Munch at the Albertina: Isolation and despair, yes, but absolutely worth it
You may want to fortify yourself with a good lunch before going into this show. Have something cheerfully Viennese, and don’t order anything cold. It’ll be chilling enough once you get inside this rather – it has to
be said – relentless exhibition of bleak early lithographs and prints. But it is worth seeing.
Many of the works are haunting. Some – the wispy red Sick Child, for instance, or the vortex-like Moonlight series – are absorbingly beautiful; others make you want to pour yourself stiff drink to help you get through the rest of the day. At times you can hardly bear the desperate sense of isolation and, worse, the apparent
helplessness of these dozens upon dozens of static figures, each one utterly abandoned and utterly abandoning.
Never mind existential malaise; this is absolute despair. And emerging out of it, the famous Scream (1895) seems a natural evolution. It makes perfect sense. There’s no sudden start at the sight of it: there’s just a drained recognition of something that’s by now only too clear: the inescapable horror of it all.
It’s quite a relief to come across the face of a man tormented by jealousy, while the woman he presumably wants stands laughing and chatting with two other men in the background. The jealous man is far from happy, but at least he’s responding actively to a normal situation. You feel like saying something to him. You have the feeling he might say something back. Amid the dead souls all around him, his expressiveness seems extraordinary.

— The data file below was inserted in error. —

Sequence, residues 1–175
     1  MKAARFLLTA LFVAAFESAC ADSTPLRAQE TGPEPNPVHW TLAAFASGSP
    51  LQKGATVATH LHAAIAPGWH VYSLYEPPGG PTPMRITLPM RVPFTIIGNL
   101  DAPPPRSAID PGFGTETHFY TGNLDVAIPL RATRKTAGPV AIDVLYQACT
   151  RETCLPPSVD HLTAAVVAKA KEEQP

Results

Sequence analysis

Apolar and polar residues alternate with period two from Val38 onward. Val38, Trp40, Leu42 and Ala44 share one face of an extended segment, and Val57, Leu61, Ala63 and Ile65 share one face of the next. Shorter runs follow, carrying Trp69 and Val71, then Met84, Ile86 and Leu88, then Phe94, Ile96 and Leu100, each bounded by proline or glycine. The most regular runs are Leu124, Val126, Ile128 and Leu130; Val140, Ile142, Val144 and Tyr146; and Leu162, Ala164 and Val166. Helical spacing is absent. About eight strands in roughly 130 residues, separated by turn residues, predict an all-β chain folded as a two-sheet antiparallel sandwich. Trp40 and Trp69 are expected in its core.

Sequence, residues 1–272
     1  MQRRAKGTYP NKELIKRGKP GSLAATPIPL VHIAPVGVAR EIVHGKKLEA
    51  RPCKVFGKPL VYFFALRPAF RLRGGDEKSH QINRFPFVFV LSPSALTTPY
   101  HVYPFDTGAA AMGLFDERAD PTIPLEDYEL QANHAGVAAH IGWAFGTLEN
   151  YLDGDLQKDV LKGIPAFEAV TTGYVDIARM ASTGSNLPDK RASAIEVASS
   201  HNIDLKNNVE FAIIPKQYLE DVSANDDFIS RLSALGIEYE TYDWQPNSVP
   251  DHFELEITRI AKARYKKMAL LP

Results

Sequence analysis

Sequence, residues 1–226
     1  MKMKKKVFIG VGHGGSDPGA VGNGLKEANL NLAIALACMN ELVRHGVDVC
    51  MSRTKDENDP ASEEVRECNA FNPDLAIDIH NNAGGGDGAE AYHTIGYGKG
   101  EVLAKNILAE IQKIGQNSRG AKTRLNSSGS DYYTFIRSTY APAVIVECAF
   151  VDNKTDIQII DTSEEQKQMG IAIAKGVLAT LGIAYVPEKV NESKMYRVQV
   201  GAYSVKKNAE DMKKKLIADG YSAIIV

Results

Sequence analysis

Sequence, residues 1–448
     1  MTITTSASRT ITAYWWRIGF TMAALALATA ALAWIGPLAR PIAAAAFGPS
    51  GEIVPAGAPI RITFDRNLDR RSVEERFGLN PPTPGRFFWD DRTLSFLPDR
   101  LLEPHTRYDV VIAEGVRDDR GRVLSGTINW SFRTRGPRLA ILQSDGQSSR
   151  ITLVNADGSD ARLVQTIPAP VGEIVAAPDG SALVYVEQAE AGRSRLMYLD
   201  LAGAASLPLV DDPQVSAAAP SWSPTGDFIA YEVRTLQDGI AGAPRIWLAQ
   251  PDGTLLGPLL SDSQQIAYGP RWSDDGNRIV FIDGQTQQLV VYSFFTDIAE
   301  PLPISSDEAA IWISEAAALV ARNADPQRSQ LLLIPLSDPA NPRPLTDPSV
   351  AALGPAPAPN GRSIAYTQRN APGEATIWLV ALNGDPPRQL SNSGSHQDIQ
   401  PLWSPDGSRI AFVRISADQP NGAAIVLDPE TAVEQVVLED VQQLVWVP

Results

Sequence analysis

The works from The Frieze of Life presented here show the different stages of human life – birth, youth, maturity, old age, death – but not of Edvard Munch’s own life. Almost all of them were produced around or before the turn of the 20th century, when the artist was 40 at most (he lived to be 80). In 1908, Munch suffered the mental breakdown that had surely been in the making for decades, following the death of his mother and father, his brother and his beloved sister Sophie (The Sick Child), and the loss of his mistress, Tulla Larsen.
Munch was admitted to an institution, and the treatment he received there changed him profoundly; much of his subsequent work was markedly more optimistic in tone.
Almost nothing of this brighter later work is presented here. There is a self-portrait of 1912, scarred and thoughtful but by no means despairing; and the lovely, near-smiling woodcut Brigitte III of 1930 – who was Brigitte, we wonder? What did she mean to him? Did she, or others, bring him comfort in the end?
But the desolate works shown here were important steps within expressionism and toward abstraction. So do go and see them. Go alone. Take your time. Do some sage reflecting on life and love and loss. Just be sure to meet someone afterwards for a warm human encounter.
Through Jan 24, Albertina